I know the importance of text book learning, and research, and assignments, and application of knowledge--I do not minimize that or make light of it. But I also know that the doing in a real setting, and then reflecting on that, can teach us much. That is the whole objective of service learning: to be of service to a community, whilst at the same time, allowing the student to learn.

It's funny, but when I got the email late tonight that said we would be outside tomorrow, without electricity, I was momentarily concerned--oh, no, how long will the battery on my lap top last? Then I remembered all those times I engaged strangers, and communities, with no lap tops, no pictures, no fancy posters, nothing but my knowledge, skills, and values, and yet, accomplished the purpose. Suddenly, I was GRATEFUL for the opportunity to depend on myself and my social work knowledge and skill base, supplemented only slightly (and for as long as the battery lasts) for this 5 hour gig tomorrow. If I cannot convince someone of the importance of this work by what I share about it, and our vision for the community, I doubt that a fancy poster or power point presentation will do that either.

Vive no electricity!

Click here for update on the Poor People's Economic and Human Rights March kickoff in NOLA.

Sunday, April 4, 2010

Things for Which to be Grateful

I have become way too critical these days; just yesterday I noted how I complained about more than I had joy about. Today, I decided to remedy that. The only way to get my joy back is to act like I have joy in my life. I vowed to spend more time expressing my appreciation and showing compassion. As I have realized before, no one has appointed me policewoman of the universe. Sometimes, I just need to be reminded.

So today, I am grateful that the Poor People's Economic and Human Rights Campaign is carrying on the work for social and economic justice in the US. Today, 42 years after the assassination of Dr. King in Memphis as he stood with the men who eked out a living cleaning up after the rest of us, PPEHRC begins the Poor People's March and Caravan in New Orleans, where the aftermath of Hurricane Katrina still is visible. Learn about the route and how to become involved here.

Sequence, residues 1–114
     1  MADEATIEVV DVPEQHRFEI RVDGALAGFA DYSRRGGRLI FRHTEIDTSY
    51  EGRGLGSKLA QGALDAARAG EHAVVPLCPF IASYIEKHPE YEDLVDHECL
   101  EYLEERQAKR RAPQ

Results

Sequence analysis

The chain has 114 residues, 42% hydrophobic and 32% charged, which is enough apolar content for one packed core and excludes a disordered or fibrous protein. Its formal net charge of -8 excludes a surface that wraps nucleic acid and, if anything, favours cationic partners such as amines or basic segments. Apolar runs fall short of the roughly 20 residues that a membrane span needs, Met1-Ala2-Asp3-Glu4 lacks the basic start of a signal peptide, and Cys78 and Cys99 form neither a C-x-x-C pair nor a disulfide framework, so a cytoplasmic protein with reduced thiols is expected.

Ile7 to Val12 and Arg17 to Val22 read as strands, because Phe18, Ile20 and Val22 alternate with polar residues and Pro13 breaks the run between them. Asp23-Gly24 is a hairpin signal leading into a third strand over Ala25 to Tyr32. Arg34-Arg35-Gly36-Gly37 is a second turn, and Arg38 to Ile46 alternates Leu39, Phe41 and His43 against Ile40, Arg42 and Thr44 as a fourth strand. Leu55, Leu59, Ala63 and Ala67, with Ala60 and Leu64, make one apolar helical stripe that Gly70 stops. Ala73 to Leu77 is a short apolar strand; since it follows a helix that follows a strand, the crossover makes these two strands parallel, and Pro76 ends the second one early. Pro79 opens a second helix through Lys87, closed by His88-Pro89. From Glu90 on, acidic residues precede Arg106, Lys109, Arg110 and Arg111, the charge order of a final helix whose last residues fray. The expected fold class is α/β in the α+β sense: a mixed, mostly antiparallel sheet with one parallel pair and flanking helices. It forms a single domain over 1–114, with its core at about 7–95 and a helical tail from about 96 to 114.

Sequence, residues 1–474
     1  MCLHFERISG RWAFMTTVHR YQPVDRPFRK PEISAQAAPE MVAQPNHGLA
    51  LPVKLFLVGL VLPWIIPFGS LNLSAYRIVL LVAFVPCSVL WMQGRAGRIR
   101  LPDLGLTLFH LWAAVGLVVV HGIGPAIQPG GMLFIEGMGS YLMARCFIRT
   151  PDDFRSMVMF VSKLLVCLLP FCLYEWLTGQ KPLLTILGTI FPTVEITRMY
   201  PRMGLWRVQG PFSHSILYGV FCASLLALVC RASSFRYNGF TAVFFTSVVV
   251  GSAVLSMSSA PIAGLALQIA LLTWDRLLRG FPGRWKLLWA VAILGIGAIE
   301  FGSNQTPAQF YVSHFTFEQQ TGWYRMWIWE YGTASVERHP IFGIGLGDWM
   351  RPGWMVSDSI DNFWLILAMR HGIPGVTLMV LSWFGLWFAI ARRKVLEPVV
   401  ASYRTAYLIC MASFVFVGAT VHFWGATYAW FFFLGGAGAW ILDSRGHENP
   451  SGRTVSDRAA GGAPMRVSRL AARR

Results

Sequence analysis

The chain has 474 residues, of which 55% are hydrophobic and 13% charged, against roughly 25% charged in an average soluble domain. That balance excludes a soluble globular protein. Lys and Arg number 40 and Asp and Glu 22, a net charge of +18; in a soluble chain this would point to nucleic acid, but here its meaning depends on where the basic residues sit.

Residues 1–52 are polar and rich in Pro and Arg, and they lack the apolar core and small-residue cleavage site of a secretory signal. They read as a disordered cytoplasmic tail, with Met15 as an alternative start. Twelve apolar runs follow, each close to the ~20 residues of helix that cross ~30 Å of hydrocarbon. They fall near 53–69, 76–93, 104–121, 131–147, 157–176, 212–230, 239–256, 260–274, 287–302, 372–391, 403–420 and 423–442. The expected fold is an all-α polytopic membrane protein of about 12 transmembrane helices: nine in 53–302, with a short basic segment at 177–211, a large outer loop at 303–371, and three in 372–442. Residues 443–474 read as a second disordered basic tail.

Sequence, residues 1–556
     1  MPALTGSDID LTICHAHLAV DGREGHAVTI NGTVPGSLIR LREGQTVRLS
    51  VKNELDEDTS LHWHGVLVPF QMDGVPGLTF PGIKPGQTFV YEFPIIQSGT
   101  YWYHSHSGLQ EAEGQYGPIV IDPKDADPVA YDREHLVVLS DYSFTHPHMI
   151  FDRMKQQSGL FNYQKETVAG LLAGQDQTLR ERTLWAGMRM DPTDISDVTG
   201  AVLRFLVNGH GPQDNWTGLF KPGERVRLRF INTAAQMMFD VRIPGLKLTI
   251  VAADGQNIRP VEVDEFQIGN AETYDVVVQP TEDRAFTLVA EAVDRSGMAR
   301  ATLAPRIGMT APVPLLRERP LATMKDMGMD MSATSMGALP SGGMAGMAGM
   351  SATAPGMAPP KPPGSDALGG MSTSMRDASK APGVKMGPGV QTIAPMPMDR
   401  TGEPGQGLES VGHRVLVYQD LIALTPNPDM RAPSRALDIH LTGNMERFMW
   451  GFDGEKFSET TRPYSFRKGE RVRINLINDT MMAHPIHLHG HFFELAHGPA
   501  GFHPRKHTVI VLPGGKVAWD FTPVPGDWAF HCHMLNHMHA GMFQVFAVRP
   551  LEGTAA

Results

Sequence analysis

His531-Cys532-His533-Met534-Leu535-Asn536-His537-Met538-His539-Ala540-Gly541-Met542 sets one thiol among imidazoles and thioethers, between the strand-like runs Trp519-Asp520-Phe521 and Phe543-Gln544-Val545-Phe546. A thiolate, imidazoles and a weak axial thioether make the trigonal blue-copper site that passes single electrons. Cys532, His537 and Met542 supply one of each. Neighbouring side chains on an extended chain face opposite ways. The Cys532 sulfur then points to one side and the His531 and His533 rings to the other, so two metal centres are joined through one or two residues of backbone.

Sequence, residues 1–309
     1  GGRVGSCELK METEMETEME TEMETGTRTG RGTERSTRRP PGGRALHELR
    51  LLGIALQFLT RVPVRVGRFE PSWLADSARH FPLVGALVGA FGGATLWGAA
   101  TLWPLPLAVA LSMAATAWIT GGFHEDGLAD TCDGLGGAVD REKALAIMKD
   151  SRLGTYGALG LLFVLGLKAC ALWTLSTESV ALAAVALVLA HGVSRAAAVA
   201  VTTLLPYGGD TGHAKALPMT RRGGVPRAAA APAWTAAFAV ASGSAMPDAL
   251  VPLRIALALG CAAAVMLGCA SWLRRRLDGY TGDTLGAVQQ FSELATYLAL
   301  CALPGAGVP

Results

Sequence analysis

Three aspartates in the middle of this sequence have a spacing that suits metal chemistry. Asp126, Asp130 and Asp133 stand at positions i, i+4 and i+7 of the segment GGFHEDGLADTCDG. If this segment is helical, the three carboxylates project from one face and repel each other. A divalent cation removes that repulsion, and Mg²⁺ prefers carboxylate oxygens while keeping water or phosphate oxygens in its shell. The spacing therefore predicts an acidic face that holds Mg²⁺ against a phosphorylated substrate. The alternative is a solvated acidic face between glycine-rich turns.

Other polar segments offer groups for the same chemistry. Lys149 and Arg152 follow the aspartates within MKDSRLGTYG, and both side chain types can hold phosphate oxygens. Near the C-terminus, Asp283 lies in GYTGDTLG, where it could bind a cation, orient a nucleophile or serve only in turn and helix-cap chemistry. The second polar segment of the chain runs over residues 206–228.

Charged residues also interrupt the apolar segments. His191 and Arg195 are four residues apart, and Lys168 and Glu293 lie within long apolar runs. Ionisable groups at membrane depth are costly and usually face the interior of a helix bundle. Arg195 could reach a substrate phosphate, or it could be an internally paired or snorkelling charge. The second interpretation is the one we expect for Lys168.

I will be updating on the march throughout, and joining them in Glendora, Mississippi. It's more than a march or a demonstration, though it is that, too. It's publicizing the movement to unite those of us working for economic and social justice, and strategizing about how to make that happen.

Friday, April 2, 2010

Marilyn Boydstun Clement

I was perusing through my McMurry University (Abilene, TX) alumni magazine when I ran across this name in the obituaries. The first line of the obit called her a "noted social activist" and she had graduated McM in 1956. In particular, what caught my eye was her working for the Interreligious Foundation for Community Organization in New York. I became familiar with IFCO's work through my association with Pastors for Peace and Lucius Walker--all introduced to me by my friend Jane (aka Gigi in some circles).

That information led me to an Internet search. Ms. Clement, from Tulia, TX, was the daughter of share croppers, and originally intended to become a missionary following her completion at McM. Instead, she ended up in Atlanta, working with Dr. King in the civil rights movement. She moved to IFCO following Dr. King's assassination. After leaving IFCO, she was ED of the Center for Constitutional Rights and was involved with legal action against the Ku Klux Klan, among other issues.

She did a stint at the Women's International League for Peace and Freedom in Philadelphia, and helped organize the Peace Train which ended in Bejing. I recalled the Women's Conference in Bejing in the mid to late 90s, and my friend Jane and I going to see part of a traveling exhibit on peace, and being videotaped about our work and how it related to the work of women through out the world. The organizers would end their exhibit in Bejing, where the video-tapes would be shown to women from around the world--connecting us women-to-women in our work and our desires for a peaceful and harmonious world.

She had also gone back to Tulia to assist in the work of bringing justice to the black community unfairly and viciously targeted by an overambitious prosecutor and his politically and racially motivated allies in the infamous Tulia Drug Sting.

Ms. Clement's most recent work had been in the arena of universal health care, and she had been active in trying to pass such legislation up until her death at the age of 74. She said she knew she would not see it, but that she believed it would come.

While I thought it odd that in all my years of work, I had never once heard her name, I found it inspiring to read about her accomplishments and her efforts to make life better for those who have been marginalized and cut off from opportunity. It was inspiring to read about her passion for her work--she said she could not have imagined a better life than being a community organizer. That is a love for people that transcends all the talking heads in the news today.